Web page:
Leon Gibson, a soul shouter from Georgia, spent nearly a decade in Charm City exploring different ventures.  He cut one single for Ru-Jac with “Do The Roller,” an uptempo dance tune that mimics James Brown’s “The Popcorn” but with a lot more cowbell. The duo Gene & Eddie might not be equivalent to Stax artists Sam & Dave, but their slow ballad, “I Would Cry,” is persuasively sung and complimented by an excellent horn section. Sir Joe, aka songwriter/arranger Joe Quarterman, is featured on “Nobody Beats My Love,” which features terrific trumpet playing throughout (possibly by Joe?).

Winfield Parker returns with three previously unreleased tracks, including two fairly rough demos, and the standout single “Sweet Little Girl” backed by The Shyndells Band. We’re given a further glimpse of The Shyndells’ talents on two unissued instrumentals, including the blazing fast dance track “Lightning (Part 1).” Other unissued tracks with unidentified singers are included, the best of which is “Searching”—a rocking, gospel-infused song by a female soul singer that really blows. The disc concludes with the sole single by The Caressors, a vocal harmony group about which little is known, and the unremarkable sides don’t inspire further research.

 

Ru-Jac vol. 4
Title: Changes: The Ru-Jac Records Story Volume 4, 1967-1980

Artist: Various

Label: Omnivore Recordings

Formats: CD, Digital

Release date: February 2, 2018

 

Volume 4 encompasses a decade roiled by social, economic and political change. On the musical side, there is change as well: rhythm and blues gets a whole lot funkier. But this doesn’t happen overnight. As the set opens in the late ‘60s, the Winfield Parker and Gene & Eddie tracks include just a few James Brown-style grunts, while Sir Joe’s “Every Day (I’ll Be Needing You)” features a funkier backing band, and the Fred Martin Revue brings a little more heat and a lot of B3 to “I Know It’s Going To Happen” (1970) and “Contagious.” The latter is an instrumental bearing a Booker T influence with a dash of rock guitar.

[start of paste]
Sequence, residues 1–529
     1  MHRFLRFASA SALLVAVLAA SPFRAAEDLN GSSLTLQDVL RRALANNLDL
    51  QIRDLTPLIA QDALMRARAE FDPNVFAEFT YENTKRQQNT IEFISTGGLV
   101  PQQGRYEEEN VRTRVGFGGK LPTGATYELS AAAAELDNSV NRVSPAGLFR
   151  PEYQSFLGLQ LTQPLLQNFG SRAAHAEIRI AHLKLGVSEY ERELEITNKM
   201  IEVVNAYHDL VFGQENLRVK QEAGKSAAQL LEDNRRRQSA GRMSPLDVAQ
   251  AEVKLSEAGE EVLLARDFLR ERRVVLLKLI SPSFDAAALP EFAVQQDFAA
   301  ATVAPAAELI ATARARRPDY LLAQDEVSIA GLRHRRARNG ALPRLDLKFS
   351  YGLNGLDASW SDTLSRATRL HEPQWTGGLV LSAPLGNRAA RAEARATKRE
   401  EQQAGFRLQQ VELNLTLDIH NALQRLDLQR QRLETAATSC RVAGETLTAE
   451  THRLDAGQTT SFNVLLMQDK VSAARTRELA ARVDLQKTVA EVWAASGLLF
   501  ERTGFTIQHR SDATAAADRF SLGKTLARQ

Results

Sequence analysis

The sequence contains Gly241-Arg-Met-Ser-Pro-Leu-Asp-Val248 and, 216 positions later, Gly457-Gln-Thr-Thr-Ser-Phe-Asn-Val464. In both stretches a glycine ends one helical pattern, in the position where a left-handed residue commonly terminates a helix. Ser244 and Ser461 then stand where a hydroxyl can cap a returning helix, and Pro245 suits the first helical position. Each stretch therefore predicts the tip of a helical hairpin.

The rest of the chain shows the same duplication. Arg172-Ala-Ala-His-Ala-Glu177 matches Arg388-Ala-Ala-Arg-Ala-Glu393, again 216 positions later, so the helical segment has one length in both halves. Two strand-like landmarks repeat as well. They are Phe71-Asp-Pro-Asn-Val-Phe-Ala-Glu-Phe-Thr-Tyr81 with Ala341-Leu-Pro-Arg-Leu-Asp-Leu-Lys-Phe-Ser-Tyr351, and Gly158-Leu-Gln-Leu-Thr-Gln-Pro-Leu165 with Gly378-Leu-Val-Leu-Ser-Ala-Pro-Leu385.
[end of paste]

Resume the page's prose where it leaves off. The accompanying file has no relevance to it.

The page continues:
The rock influences continue on “Changes Part 1” by the band Saturday, which also drips with Southern soul, and on “Sugar” by Fred Martin Jr. which retains an R&B horn section. More changes are brought by the Dynamic Corvettes, who offer a very funky pair of sides. “Keep Off the Grass” has a B3 groove and Curtis Mayfield vibe while “It’s A Trap” has a definite Blacksploitation influence (“no one can escape from the man”).

The song “Days May Come, Days May Go” is covered by two artists: a smooth R&B rendition by Francine Long and a funkier instrumental track by Utopian Concept. This volume closes with a pair of singles featuring gritty soul singer Willie Mason with the Fred Martin Revue, and the jazzier vocalist Johnny Dotson.


 

Anyone interested in the regional music scene surrounding Baltimore, Maryland, will enjoy The Ru-Jac Records Story four volume set. At times the music may be a bit raw and under-produced; however, these 45 sides a provide a marvelous overview of unheralded as well as better known artists from the Charm City.  Consequently, they should be relished for their local flavor, right alongside those Maryland crab cakes.

Reviewed by Brenda Nelson-Strauss

 

 

 

 

 

Review Genre(s): Rhythm & Blues, Soul, Funk